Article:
Rapid detection and accurate identification of pathogens in plant are critical steps to prevent pathogens dissemination. Pathogen identification based on colony morphology or disease symptoms is difficult, time-consuming and unreliable because of the secondary infection by necrotrphic fungi and the similarity among Burkholderia spp. For example, B. glumae, B. plantarii, and B. gladioli were known to infect rice plants causing similar symptoms [5] . Additionally, proliferation of B. glumae and B. plantarii were found to suppress B. gladioli in rice seeds [6] . Interactions among B. glumae, B. gladioli, B. plantarii and other unknown microorganisms often result in different outcomes of crop damage. For example, B. glumae was found to be responsible for the decrease of grain weight, floret sterility, inhibition of seed germination and reduction of stands in rice seedlings dependent on the outcome of the interactions with other bacteria and the environmental factors such as temperature and drought [7] .

Previous studies have identified abundance of strains of B. glumae including some highly virulent strains that caused 50% to 75% yield reduction [8] [9] . Additionally, it was predicted that the B. glumae strains in different rice-production regions have some undefined differences in their genome and virulence [3] . Furuya et al. (1997) demonstrated that the extent of virulence of B. glumae strains can be accurately estimated by the use of hypersensitive cell death on tobacco [10] . However, virulence characteristics of B. glumae isolated from rice, and distribution of the causal agent of bacterial panicle blight (BPB) in rice plants have not been clearly demonstrated. Tobacco hypersensitivity is a fast and convenient way to screen bacterial cultures for pathogenicity. It works particularly well for Pseudomonas but can be variable for Xanthomonas and Ralstonia. Some Xanthomonads may require some tweaking of the environmental conditions for the tobacco grown in [11] [12] , and the response may take up to four days [13] [14] . Erwinia amylovora and some of the coryneform bacteria will also cause a hypersensitive response. Ralstonia solanacearum cause various results depending on the race. Race 1 results in chlorosis after two days, race 2 induces a typical hypersensitive response in one day and race 3 results in chlorosis after two to eight days [15] .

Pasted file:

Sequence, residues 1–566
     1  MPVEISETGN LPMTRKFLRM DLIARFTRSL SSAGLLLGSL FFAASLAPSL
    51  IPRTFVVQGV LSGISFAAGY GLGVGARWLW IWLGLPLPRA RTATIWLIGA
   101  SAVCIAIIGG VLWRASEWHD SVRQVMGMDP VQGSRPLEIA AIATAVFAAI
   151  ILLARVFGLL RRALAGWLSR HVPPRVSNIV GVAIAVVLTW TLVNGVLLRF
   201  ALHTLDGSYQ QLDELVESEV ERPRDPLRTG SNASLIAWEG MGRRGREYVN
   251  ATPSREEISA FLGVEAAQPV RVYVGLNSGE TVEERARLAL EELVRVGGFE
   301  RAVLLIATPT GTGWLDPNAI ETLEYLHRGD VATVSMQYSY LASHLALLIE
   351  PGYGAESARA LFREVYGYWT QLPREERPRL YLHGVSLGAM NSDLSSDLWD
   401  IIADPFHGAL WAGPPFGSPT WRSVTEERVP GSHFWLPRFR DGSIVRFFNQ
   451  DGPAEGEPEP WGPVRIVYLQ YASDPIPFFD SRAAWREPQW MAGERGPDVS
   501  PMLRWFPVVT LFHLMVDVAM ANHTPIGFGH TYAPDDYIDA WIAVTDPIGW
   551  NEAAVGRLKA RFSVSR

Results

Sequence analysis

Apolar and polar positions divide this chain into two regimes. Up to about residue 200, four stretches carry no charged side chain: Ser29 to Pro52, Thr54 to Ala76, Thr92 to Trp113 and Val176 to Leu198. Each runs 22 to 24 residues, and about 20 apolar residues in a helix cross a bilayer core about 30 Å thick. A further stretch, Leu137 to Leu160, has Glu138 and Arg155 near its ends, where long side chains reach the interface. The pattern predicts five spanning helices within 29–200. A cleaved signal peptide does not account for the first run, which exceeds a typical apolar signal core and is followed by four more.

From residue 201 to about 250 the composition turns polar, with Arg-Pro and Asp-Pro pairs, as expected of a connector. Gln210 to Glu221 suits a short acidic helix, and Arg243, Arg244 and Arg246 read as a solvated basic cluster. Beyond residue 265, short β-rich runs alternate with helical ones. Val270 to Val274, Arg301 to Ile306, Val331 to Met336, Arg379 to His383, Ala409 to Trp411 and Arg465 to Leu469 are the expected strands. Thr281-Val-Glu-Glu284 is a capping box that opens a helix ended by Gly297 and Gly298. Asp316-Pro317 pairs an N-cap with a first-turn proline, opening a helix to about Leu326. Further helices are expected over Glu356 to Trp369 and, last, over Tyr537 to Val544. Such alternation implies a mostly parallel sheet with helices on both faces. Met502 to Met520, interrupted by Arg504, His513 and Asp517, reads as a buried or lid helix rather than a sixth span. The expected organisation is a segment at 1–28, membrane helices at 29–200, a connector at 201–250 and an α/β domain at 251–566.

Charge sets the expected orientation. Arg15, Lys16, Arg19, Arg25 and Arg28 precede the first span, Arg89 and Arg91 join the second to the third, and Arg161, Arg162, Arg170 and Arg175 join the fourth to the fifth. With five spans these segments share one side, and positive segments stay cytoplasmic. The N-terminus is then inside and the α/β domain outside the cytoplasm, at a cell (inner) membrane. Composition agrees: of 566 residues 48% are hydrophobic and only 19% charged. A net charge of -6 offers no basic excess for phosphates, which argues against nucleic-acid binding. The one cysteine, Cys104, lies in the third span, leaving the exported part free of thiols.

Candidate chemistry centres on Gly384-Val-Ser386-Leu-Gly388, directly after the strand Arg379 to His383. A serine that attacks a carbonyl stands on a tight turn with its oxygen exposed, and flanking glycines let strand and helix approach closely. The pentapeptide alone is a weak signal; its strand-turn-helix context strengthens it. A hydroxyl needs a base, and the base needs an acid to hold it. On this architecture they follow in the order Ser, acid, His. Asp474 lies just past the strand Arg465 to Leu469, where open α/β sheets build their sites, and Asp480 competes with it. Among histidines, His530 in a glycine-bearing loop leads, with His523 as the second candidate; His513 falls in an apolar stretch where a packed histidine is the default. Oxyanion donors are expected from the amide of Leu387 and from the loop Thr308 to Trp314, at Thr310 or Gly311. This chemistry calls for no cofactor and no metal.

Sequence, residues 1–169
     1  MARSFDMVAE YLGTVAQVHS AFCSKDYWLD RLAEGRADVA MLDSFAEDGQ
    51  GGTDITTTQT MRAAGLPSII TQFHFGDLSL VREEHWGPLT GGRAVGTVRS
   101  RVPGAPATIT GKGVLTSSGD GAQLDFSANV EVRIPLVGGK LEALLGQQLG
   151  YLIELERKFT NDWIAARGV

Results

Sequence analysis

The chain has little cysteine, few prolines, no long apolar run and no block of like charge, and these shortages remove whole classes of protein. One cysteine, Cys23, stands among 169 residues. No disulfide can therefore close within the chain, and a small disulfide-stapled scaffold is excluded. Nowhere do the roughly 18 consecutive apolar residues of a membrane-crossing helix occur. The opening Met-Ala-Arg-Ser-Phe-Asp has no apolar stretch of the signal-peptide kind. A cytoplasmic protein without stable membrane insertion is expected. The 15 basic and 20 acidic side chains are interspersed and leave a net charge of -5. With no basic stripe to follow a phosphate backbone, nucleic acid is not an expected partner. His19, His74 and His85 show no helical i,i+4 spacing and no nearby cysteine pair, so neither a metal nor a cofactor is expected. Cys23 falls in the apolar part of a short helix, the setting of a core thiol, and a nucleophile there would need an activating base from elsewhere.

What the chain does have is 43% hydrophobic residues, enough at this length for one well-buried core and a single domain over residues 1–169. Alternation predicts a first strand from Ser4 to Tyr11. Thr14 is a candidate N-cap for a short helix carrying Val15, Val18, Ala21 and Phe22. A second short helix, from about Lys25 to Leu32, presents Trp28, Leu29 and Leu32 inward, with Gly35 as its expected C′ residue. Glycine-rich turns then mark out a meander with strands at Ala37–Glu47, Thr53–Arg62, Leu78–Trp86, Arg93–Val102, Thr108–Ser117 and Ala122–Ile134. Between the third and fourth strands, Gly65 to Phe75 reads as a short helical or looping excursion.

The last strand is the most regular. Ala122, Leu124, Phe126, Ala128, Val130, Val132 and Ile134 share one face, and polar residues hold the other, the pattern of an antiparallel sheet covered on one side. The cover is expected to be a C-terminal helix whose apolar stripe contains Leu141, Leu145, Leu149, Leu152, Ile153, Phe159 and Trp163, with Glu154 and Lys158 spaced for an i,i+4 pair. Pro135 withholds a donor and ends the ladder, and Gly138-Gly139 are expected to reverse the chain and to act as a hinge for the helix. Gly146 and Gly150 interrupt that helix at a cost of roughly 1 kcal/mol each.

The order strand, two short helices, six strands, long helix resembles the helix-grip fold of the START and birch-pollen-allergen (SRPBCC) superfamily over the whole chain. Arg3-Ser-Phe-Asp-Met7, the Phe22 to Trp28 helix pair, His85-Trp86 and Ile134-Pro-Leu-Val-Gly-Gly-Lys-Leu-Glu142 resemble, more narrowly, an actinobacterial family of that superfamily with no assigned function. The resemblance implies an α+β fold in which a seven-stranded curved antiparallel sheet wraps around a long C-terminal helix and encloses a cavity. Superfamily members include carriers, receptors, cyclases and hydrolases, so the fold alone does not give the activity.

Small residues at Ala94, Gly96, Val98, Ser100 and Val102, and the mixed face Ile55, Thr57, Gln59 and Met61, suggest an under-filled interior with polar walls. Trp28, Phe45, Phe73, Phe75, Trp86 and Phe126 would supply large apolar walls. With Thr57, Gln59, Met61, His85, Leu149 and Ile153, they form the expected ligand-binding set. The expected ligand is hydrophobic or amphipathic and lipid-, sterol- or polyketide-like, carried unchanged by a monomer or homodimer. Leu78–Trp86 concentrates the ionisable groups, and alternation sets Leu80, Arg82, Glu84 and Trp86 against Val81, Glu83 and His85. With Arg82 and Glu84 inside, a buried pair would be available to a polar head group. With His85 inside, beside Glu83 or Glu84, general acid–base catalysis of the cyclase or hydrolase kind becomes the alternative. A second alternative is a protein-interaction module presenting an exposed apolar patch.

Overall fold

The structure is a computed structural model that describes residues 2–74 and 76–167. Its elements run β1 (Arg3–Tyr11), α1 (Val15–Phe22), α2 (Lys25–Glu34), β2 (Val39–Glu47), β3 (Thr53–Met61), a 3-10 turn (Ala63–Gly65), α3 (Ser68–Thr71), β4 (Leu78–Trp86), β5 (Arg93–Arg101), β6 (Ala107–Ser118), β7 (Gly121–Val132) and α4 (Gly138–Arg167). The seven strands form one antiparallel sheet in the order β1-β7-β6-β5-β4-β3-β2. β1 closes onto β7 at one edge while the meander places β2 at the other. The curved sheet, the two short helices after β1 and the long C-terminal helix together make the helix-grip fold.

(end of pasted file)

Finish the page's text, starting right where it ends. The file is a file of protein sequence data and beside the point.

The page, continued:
The genetic identity of Burkholderia species has been analyzed by polymerase chain reaction (PCR) using 16S rRNA sequences [16] [17] . The discriminatory power of 16S rRNA is too restricted to reveal the detailed phylogenetic relationships among B. plantarii, B. glumae and B. gladioli because of extremely slow rate of evolution of the 16S rRNA gene, it cannot discriminate closely related microorganisms [18] . On the other hand, the genes encoding the β-subunit polypeptide of DNA gyrase (gyrB) estimated to evolve much faster than the 16S rRNA gene that can be used to develop a specific and sensitive detection method [18] to distinguish among Burkholderia species [5] . Therefore, specific primers developed from the gyrB sequences should be reliable for specific detection and identification of B. glumae and B. gladioli in rice materials.